Prevent Heat Illness from Turning Deadly

Heat can kill, and it doesn’t take long. A pregnant teenager died when her body temperature climbed to 108 degrees after working in a Lodi vineyard. A 42-year-old- worker collapsed in a company truck and died after he had been loading grape boxes in heat above 100 degrees. Cases have been reported in which workers seemed fine at lunch and in a couple hours were found having seizures or unconscious.

"Heat-related illness and death are reaching alarming levels in our state," says Adam Dombchik a Workers’ Compensation partner in the law firm of Gordon, Edelstein, Krepack, Grant, Felton and Goldstein. "The problem is not endemic to just a couple types of businesses, it crosses a wide variety of industries, from farm workers and carwash workers to delivery people, laundry workers, groundskeepers, construction workers and public safety officers.

"The irony is that it is so preventable. Employers need to follow standards set by Cal-OSHA [the state’s division of the Occupational Safety and Health Administration] when it comes to such basics as providing workers with shade, potable water and adequate rest breaks."

Since best laid plans don’t always come to fruition, employees need to educate themselves on how to understand the causes and recognize the symptoms of heat illness, both heat exhaustion and heat stroke.

Heat exhaustion occurs when one’s body can’t maintain normal functions due to excessive loss of body fluids and salts. Symptoms include:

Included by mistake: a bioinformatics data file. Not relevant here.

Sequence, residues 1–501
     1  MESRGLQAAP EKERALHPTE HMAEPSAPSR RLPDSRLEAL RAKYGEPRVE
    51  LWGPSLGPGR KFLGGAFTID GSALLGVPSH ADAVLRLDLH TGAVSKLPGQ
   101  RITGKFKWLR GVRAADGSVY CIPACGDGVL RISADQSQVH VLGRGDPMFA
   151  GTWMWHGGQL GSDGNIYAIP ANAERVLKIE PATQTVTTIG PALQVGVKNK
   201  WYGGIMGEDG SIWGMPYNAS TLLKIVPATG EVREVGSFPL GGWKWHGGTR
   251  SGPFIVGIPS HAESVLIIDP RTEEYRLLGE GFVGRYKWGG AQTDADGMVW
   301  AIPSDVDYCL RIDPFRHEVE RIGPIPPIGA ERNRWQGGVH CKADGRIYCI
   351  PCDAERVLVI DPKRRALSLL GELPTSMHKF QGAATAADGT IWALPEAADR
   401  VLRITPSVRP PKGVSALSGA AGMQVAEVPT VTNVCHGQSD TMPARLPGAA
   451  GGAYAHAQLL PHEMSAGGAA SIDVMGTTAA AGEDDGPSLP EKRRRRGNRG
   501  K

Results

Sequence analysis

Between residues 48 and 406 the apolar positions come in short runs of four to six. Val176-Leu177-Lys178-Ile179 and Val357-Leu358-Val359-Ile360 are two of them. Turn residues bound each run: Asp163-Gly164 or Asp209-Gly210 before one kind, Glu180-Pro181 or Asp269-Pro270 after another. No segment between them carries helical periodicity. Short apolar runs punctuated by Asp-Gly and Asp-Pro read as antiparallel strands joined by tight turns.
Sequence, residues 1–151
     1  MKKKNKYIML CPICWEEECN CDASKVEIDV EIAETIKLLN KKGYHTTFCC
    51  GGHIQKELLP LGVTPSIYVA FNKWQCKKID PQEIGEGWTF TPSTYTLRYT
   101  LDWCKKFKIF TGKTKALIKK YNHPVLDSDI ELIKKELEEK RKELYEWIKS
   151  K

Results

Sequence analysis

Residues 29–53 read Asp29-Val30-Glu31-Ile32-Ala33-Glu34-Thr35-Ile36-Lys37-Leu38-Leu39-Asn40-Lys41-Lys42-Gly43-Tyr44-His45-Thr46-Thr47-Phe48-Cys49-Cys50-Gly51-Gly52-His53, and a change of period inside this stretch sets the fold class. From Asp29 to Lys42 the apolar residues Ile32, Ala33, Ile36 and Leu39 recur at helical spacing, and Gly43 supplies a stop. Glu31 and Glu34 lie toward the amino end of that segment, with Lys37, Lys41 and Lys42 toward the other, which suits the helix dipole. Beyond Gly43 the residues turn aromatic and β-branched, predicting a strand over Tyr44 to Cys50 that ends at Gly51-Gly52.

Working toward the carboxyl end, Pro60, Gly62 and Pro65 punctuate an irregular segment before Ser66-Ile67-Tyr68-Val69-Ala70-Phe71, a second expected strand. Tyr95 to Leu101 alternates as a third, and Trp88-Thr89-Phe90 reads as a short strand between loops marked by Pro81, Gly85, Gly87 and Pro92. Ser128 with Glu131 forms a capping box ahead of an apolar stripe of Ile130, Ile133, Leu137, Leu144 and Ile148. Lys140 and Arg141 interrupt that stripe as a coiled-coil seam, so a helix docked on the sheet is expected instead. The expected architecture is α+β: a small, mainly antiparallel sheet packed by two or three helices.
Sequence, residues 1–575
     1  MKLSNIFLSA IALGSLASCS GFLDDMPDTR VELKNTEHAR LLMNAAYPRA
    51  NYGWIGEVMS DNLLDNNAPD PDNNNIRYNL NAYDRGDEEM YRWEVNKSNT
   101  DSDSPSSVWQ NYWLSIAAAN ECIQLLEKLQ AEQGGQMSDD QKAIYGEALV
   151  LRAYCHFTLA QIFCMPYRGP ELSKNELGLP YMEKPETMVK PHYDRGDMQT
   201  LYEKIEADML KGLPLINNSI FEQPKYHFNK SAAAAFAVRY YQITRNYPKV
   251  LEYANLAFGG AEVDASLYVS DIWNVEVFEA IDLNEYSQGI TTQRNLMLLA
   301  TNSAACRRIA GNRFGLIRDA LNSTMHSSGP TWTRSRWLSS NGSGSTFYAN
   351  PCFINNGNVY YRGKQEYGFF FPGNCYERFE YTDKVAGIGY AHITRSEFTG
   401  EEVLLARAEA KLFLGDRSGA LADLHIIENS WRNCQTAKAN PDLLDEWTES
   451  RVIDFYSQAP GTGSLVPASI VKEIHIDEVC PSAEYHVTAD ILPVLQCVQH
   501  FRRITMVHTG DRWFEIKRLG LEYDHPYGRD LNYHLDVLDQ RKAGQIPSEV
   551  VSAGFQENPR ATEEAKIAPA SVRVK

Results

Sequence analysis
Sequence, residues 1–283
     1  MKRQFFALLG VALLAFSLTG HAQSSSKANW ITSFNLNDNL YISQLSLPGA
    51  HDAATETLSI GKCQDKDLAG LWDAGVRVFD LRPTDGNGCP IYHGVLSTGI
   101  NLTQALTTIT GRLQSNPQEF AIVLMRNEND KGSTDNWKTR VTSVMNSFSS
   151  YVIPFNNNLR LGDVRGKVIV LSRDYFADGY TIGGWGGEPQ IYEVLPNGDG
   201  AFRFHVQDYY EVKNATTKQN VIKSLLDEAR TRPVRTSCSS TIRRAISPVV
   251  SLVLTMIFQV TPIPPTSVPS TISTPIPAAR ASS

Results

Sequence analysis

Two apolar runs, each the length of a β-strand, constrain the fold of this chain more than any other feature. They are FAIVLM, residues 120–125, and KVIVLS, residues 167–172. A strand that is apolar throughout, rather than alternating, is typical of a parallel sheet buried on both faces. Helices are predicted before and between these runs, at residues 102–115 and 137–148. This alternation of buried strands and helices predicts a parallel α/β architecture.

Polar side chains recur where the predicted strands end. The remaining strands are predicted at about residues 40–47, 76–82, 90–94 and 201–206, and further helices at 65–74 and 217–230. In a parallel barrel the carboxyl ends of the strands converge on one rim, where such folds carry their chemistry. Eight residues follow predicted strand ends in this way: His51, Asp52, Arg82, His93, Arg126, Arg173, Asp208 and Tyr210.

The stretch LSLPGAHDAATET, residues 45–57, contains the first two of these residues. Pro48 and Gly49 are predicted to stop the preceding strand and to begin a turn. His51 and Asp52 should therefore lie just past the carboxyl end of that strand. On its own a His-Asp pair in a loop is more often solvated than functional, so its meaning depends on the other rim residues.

• Sweating
  • Feeling tired, weak or dizzy
  • Headache
  • Loss of coordination
  • Cramps, muscle pain or spasms
  • Heat rash—small red bumps on the skinĀ 
  • Weak and rapid pulse

Treatment should include:

  • Moving the person to a cooler, shaded area; don’t leave the person alone.
  • Providing water, little by little.
  • Making sure the person lies down with the feet elevated.
  • Cooling the person by fanning and applying wet cloths.

Untreated heat exhaustion can escalate into heat stroke, which is a life-threatening emergency stemming from the body’s inability to regulate its core temperature. Symptoms include:

  • Body temperature of 105 degrees or higher
  • Red, dry, hot skin
  • Dilated pupils
  • Strong, rapid pulse
  • Extreme disorientation
  • Unconsciousness and possibly convulsions

Treatment should include:

  • Calling 911 immediately; a heat stroke victim needs urgent care.
  • Moving the person to a shaded, cooler place until medical help arrives.
  • Loosening tight clothing.
  • Cooling the person by sponging the body with cool water or wrapping in wet sheets.
  • Not giving the victim anything to drink, not even water.

If your job requires that you perform physical activities in hot weather, drink plenty of fluids such as water and sports drinks, but avoid alcohol and drinks with caffeine, which may lead to dehydration. Hats and lightweight, loose-fitting, light-colored clothing also help. And, keep in mind that some medications, including antihistamines, certain antidepressants and tranquilizers, can increase the risk of heat-related illness.

The Centers for Disease Control website is a good resource for learning more about heat illness.

In addition, the Southern California Coalition for Occupational Safety and Health (SoCalCOSH) is dedicated to turning dangerous conditions into safe work areas. This organization is a coalition of local union, community group, health and legal advocates.

"We have long held that knowledge is power," says Dombchik. "When it comes to preventing heat illness, a little knowledge can save a life."

On-the-job injuries and illnesses may result from a certain event or occur over time. If you would like to speak with an attorney about a case, please call 213-739-7000.

 

 


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